However, it is worth noting that advantage computing alone won’t unlock the door to real-time data analytics.

Technologies such as 5G and WiFi6, IoT platforms like Kaa and AWS, event-driven architectures, and analytics programs such as Kafka, Kinesis, Spark, Storm, Cassandra, and BigTable, designed for processing continuous streams are converging to enable real-time large data analytics.

The Convergence of IoT and Big Data Analytics

The convergence of IoT, big data, and AI-driven analytics introduces a number of new opportunities for companies to create more competitive business models.

According to Forrester’s 2020 Predictions, enterprise strategy is getting to be a critical initiative for driving digital transformation. 

While the report cites that interest in large data has waned over the past few years, innovations in AI and machine learning are driving renewed fascination with big data–as they introduce new opportunities to process data and put it to good use.

At the same time, we’re seeing more affordable hardware, software, and sensors, as well as emerging standards and best practices driving IoT adoption. As such, there’s a rapidly rising number of connected”objects” capturing constant data streams (including audio, video, and images) and metrics that measure machine functions, environmental conditions, and much more.

The Essential Use of Big Data Analytics in IoT

While the Web of Things and Big Data are two distinct concepts, they’re becoming increasingly interconnected.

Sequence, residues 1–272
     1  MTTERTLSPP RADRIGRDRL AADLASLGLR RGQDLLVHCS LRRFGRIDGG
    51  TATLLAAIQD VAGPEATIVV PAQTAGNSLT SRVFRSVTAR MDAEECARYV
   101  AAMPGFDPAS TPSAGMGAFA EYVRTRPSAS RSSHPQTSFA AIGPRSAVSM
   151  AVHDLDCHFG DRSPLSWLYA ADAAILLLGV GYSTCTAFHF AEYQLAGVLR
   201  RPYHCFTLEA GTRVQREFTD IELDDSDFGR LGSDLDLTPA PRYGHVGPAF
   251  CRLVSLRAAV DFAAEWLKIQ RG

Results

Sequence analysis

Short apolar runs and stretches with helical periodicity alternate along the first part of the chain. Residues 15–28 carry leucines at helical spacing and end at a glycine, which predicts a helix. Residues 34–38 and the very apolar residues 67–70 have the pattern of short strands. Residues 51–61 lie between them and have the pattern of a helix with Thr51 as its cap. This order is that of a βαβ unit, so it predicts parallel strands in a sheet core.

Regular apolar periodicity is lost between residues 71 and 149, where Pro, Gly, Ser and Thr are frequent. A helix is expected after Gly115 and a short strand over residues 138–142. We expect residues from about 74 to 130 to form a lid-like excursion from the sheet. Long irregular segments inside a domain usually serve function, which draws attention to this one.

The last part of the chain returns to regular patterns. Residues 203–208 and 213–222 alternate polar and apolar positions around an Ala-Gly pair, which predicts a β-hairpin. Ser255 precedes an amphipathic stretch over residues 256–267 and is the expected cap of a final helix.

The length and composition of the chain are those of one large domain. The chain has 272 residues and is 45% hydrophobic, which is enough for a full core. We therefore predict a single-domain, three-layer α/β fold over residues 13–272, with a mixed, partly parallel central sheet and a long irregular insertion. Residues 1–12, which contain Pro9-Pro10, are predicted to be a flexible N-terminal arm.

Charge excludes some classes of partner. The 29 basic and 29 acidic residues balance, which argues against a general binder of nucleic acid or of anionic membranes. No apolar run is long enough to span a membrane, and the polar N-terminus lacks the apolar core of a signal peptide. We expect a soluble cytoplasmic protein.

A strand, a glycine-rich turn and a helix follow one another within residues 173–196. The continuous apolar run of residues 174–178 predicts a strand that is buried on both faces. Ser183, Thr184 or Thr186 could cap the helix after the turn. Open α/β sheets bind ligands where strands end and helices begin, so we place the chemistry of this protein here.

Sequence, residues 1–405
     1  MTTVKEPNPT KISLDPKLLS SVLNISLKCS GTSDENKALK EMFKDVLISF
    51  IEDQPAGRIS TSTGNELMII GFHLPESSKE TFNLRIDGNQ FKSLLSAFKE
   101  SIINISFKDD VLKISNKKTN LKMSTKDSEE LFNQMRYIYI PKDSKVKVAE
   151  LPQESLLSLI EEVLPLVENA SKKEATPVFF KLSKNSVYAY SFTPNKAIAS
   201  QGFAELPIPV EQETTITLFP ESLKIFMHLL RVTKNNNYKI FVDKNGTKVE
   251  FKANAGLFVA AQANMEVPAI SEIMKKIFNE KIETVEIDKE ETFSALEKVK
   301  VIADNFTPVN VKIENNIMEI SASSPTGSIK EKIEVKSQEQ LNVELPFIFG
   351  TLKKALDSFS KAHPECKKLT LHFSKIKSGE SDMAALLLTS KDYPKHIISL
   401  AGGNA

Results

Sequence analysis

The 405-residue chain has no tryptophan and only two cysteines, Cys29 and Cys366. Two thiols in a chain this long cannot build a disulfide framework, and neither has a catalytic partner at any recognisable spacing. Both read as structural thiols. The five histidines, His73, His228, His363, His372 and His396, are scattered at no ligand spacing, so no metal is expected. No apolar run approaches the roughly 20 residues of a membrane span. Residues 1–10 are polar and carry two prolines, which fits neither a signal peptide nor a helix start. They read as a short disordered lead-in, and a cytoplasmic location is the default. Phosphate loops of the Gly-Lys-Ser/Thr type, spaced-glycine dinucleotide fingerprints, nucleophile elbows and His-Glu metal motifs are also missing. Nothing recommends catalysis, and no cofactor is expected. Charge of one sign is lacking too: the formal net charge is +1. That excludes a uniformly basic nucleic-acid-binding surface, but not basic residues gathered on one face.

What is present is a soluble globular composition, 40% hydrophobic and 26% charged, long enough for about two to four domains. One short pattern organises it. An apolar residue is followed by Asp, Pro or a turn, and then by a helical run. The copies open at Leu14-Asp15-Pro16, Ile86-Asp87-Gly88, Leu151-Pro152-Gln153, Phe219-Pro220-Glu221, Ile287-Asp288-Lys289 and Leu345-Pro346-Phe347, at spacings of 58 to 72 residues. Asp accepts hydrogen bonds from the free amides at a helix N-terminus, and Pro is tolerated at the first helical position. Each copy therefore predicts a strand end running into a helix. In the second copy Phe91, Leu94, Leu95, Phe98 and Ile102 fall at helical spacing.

In the IoT, you have got a massive network of sensors that collect an unprecedented amount of data from a variety of sources feeding into the broader big data landscape. Here is an example that will help you get a clearer idea of just how much data, none of these devices could accumulate.

The Oura Ring is a device that is worn on a user’s finger and tracks the user’s sleep, temperature, and physical activity. The system captures data at a rate of 250 times per minute.

This data can contain matters such as customer usage insights, opinion analysis, sales metrics, and behavioral patterns–among hundreds of other data sources. Together, Big Data and IoT create contextual insights that can be applied to enhance products, services, and procedures –and in turn, generate more revenue.

Big data analytics platforms hold the key to unlocking this information from taking unstructured IoT data–about say, foot traffic at a theme park, weather patterns, or patient health--and analyzing that information alongside other data sources to supply a holistic view of the situation. From there, platforms organize that information into digestible insights that companies can utilize to optimize their processes.

This means that environmental data from sensors, surveillance footage, log files, and geo-location data can combine forces with social media and consumer behavior insights, to create a better understanding of your audience–bringing them to life in a way that marketing metrics can’t provide on their own.

Deriving Value from IoT Data

IoT and Big Data analytics are not any longer stand-ins representing the promising use cases of tomorrow; they’re rapidly emerging as essential resources for staying aggressive right now.

Big IoT data analytics gives organizations the ability to extract value from IoT sensors and methods by analyzing IoT data with existing business tools and third-party data collections to bring more contextual information to the fold.

Then, the information can be applied to create improved products, services, and adventures. However, organizations will need to make certain that they have the infrastructure in place to encourage real-time data processing at scale to get the full value from their investments.

Hardware and Software Design Leader in 4i Platform.